27 April 1995 Measuring the line spacing and density of high-resolution images from capstan and drum output scanners
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Abstract
Minor defects in line spacing and/or density variations can cause visual artifacts in images generated by output scanners. This paper presents a method to quantify such errors using a measurement station that characterizes both the line spacing and the relative density of lines printed at 1200 to 2400 lines/inch. While other measurement methods exist (e.g., grabbing single frames of data from a micro-densitometer), possibly most restricting is the limited number of lines that can be measured due to the trade-off between field of view and resolution. Moire effects may also be utilized for spacing checks, but the results are not sufficiently quantized. The method being presented does not limit the number of lines that can be measured at one time, therefore large regions can be used to perform spatial frequency analysis. In 1- on/1-off line patterns, variations of only 2-3% in line spacing (approximately equals 40 microinches in 1200 LPI) are perceptible. Very minor variations in density can also cause visual artifacts. Distinguishing between a spacing error and a density error is critical to the troubleshooting process. This measurement system was designed to have a theoretical positional resolution of 0.417 microinches. Repeatability of line space measurements for this type of pattern is typically better than 10 microinches.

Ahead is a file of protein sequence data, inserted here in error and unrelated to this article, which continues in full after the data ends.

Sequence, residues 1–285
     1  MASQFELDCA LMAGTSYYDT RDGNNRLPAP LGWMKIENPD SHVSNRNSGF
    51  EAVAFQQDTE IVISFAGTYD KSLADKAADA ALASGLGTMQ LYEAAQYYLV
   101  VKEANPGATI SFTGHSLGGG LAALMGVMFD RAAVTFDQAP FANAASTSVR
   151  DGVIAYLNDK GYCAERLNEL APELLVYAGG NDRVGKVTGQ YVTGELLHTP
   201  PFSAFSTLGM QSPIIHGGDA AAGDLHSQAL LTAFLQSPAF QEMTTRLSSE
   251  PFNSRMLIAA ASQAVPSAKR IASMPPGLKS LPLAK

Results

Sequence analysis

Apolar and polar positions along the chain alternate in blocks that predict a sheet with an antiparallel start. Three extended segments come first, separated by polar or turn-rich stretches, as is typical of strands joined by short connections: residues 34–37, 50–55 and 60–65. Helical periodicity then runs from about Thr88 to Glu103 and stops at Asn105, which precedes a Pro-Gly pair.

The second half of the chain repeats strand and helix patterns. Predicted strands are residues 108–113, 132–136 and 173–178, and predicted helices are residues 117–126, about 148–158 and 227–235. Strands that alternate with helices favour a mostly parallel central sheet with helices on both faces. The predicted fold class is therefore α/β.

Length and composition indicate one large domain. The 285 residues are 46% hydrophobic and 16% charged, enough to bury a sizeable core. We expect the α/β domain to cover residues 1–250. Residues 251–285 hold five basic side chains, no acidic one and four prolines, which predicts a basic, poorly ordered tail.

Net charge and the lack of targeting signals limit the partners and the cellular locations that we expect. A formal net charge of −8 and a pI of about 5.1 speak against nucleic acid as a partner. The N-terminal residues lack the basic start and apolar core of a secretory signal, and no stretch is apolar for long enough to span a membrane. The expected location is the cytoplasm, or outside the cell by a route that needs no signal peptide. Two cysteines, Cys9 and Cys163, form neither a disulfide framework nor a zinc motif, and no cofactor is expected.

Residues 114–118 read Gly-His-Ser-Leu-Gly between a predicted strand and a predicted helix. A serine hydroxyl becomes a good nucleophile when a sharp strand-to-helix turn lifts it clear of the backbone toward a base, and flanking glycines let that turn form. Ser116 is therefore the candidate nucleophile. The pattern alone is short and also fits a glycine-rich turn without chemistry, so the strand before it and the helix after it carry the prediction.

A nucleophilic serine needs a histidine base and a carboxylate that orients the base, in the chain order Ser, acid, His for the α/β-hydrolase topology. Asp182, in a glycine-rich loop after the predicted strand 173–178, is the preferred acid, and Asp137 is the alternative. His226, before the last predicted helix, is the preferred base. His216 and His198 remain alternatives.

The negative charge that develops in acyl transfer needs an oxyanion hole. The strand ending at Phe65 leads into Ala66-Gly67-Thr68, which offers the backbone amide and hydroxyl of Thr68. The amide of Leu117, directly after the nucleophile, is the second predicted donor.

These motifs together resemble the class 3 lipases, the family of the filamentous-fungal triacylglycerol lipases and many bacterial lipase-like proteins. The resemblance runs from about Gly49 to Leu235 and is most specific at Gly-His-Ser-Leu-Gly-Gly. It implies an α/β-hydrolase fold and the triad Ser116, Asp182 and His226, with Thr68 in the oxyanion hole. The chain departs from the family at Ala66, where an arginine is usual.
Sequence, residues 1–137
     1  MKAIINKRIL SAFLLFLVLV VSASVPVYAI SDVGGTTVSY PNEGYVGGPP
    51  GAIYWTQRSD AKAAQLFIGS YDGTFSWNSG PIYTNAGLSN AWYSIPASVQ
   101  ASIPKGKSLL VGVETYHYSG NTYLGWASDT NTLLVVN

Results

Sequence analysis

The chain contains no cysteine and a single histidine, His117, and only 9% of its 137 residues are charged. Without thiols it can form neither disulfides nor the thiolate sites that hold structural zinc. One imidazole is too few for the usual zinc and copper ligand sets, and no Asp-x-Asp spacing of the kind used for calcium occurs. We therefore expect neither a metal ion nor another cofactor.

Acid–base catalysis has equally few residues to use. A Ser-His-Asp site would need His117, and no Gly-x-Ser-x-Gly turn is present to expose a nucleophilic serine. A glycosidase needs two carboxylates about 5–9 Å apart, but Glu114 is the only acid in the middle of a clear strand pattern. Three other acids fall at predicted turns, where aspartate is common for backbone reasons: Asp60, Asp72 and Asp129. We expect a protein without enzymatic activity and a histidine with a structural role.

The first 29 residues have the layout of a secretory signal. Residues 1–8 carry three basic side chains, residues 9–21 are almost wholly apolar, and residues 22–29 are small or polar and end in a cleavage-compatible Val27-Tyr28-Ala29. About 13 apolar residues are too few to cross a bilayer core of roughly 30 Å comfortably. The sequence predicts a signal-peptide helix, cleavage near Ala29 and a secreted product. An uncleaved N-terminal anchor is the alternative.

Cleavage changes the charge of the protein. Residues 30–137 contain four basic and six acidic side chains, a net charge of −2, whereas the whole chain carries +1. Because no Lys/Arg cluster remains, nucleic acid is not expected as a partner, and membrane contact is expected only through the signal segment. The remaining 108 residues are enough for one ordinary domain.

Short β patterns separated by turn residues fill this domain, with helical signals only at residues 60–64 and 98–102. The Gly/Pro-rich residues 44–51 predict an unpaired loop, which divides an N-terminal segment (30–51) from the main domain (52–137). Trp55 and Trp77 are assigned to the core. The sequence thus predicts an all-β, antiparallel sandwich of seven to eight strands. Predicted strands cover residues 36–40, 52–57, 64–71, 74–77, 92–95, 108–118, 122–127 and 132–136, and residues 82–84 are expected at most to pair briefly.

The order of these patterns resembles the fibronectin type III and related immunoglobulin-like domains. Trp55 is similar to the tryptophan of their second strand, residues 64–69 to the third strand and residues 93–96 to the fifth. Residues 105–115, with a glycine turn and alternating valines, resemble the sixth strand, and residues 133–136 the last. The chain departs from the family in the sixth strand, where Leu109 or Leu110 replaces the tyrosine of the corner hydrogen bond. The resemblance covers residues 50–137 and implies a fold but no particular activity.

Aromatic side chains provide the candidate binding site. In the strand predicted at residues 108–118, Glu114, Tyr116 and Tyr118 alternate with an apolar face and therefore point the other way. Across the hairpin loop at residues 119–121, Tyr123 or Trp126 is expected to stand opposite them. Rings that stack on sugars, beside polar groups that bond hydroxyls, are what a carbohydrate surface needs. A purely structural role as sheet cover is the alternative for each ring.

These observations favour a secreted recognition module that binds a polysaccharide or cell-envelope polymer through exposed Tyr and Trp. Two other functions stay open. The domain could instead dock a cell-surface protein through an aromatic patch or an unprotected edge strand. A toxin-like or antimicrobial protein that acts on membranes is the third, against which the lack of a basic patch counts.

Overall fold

© (1995) COPYRIGHT Society of Photo-Optical Instrumentation Engineers (SPIE). Downloading of the abstract is permitted for personal use only.
Robert E. MacDonald, Robert E. MacDonald, } "Measuring the line spacing and density of high-resolution images from capstan and drum output scanners", Proc. SPIE 2413, Color Hard Copy and Graphic Arts IV, (27 April 1995); doi: 10.1117/12.207585; https://doi.org/10.1117/12.207585
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